- Financial risk. You are surely pondering your event budget, weighing the P&L uncertainty, assessing the implications of diminished audience travel budgets and corporate travel restrictions, sensing trepidation from reduced sponsor investment and ROI, and gauging the reluctance of exhibitors to go big on booth space. Each of these concerns are valid, very real, and must be addressed, but how?
Here are three thought starters: first, offer a guarantee that if a defined level of performance isn’t achieved, credit will be issued for 2023 that provides an insurance policy for the funders of your event. Second, sell 2022 and 2023 together, and package your sponsorships, exhibit space, hosted-buyer offerings, and other opportunities as a two-year deal. Business partners will be more willing to bet on a two-year recovery that mitigates the uncertainty that must be addressed now as you plan for 2022. And finally, how about a pay-for-performance approach? Sell access to your trade show and conference audience at a low cost, say 50% of your 2019 rates, and if you attract 1.2 times, 1.5 times, or even 2 times the audience you are promising as the minimum, your business partners will pay more.
Each of these ideas require financial modeling, but better to start now and get your CFO on board with the new economic pro-forma for 2022. There are good options, but they do require a new way of thinking, and they pose new risks, but the risk of assuming things will return to normal is not realistic.
- The risk of a new audience mindset and expectations. My experience tells me that about one-third of any population will attend an event if the circumstances are just right. So, if you have 1,000,000 people who work in the sector your association or society represents, over time 300,000 would consider attending an event, webinar, or trade show of any kind. Of that 300,000, you may on any given year attract between 1% and 10% to your event; let’s say, 3,000 to 30,000 attendees. However, today, given one-third of the population doesn’t seem to want the vaccine, one-third will soon have both shots and one-third either already had COVID or are immune, what is the mindset of your 2022 projected attendees given their desire and willingness to attend your event? We don’t know the answer, but we do know your only chance to attract pre-COVID-level audience attendance or greater is to have an event or trade show that promises to do everything they loved in the past, less of what they didn’t, and enough new features to make them say “yes” and attend regardless of the state of the world. Your only option is to make your event irresistible and make sure your marketing makes that clear to everyone. Easy to say but 100% necessary. If you want to raise the roof you have to raise the bar... for yourself and your team.
- The risk of fewer resources, staff limitations and internal constraints. I know how many of you are working with fewer staff, reduced budgets, tighter deadlines, and diminished capacity for reinvention, and that you are balancing the digital/in-person environment. So, if the bar is going to be higher, how, with limited resources, do you design and deliver an irresistible conference or trade show? Three options: (1) shrink-to-fit; that is, do something smaller, better, more focused, and for an audience segment that you can leverage for the event AFTER this one. Pick one segment of your audience, laser-in on what they want and need, and pull out all the stops. This approach gives you a bridge to your next event that allows you to go big; (2) hire outside help, and in the long-run this will get you there faster, so hire someone who has been where you want to go and let them show you the way; or (3) redefine what success is and have a limited educational experience and sponsor a full-on hosted buyer, hosted-learner, or hosted-conversations event that is easier to execute, much less risky, and proven to work. If you want more details on how this works let me know.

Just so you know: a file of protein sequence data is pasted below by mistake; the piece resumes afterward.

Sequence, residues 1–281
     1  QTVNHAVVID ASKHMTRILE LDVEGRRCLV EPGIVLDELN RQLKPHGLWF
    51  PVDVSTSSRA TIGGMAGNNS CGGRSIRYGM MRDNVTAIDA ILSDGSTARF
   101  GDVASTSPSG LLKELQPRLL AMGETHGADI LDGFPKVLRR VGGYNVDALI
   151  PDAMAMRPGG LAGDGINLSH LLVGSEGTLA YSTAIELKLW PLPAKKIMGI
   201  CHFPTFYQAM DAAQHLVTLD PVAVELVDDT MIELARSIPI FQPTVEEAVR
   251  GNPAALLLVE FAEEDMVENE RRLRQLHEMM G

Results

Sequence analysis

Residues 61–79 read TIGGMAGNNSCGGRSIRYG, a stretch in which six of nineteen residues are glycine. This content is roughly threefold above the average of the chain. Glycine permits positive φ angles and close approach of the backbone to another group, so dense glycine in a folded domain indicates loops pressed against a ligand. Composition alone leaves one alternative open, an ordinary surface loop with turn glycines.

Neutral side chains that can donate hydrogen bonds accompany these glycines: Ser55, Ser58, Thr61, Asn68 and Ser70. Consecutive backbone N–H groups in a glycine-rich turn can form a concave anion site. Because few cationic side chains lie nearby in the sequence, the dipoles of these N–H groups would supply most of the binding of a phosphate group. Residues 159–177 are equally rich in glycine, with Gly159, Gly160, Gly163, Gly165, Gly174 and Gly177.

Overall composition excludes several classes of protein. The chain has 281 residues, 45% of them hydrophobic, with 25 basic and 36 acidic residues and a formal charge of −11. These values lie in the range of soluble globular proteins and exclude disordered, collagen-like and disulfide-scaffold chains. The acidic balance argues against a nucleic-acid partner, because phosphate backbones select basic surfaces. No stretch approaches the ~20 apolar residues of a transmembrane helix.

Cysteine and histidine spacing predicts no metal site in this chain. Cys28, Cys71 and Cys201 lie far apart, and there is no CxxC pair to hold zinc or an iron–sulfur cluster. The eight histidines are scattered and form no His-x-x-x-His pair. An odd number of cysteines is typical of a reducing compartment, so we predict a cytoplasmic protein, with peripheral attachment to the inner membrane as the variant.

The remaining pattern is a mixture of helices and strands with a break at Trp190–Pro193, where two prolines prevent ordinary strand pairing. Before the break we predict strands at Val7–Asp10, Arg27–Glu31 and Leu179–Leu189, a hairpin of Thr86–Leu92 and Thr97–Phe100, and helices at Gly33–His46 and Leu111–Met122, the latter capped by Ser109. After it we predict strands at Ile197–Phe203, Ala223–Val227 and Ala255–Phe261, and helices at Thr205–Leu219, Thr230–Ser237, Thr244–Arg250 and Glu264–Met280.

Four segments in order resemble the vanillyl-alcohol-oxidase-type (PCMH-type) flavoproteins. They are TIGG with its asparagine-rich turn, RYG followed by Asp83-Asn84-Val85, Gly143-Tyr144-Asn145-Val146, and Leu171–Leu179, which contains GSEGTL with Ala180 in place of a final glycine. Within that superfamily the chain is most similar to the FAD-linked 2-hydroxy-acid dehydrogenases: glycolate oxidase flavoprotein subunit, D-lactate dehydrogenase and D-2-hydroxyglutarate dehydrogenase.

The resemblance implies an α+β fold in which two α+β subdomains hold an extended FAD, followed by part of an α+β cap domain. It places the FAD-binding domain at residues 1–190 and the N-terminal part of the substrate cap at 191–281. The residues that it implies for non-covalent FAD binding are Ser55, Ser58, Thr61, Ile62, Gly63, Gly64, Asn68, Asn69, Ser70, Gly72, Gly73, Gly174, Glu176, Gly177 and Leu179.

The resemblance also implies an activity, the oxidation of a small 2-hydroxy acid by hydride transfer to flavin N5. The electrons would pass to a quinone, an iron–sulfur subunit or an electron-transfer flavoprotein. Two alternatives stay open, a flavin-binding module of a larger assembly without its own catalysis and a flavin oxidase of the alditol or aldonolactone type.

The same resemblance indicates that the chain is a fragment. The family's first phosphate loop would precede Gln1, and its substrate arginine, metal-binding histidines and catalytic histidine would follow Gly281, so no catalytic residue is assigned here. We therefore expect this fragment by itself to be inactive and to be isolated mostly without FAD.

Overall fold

- Risk of not using the right technology. We all know there are hundreds of options available for hosting a digital and now omnichannel event. The tendency is to use what you know, and rinse and repeat the last tech platform that you used, because at least you know what to expect. There is a better option, however: just click here to find out more. What got you here won’t get you there, and the rapid pace of change and the massive improvements are paving the way for a much better digital-analog event future.
- The risk of better sameness. Imagine a restaurant that never updated its menu, a retailer that offered last season’s fashion, an art museum that never presented a new curated collection, or an automotive company not upgrading next year’s models. In every one of these cases, the end would be near. The good news is that your next event doesn’t need to be turned on its head; it just has to be relevant after almost 18 months of “thawing” we’ve all had from what the experience was of 2019. We all want at least a new coat of paint if not a smoother, more energetic, and more useful experience if we’re going to tap into scarce travel budgets, more stringent event attendance approval processes, and the gravitational pull of stasis – just staying put. For a list of ideas for how to energize your event, check these out.
Risk is just the catalyst for us to change the way we look at what’s ahead. No pain, no change. Face these risks head-on, don’t back down, and try to enjoy the learning on the way to a very successful 2022.
Founder & CEO
360 Live Media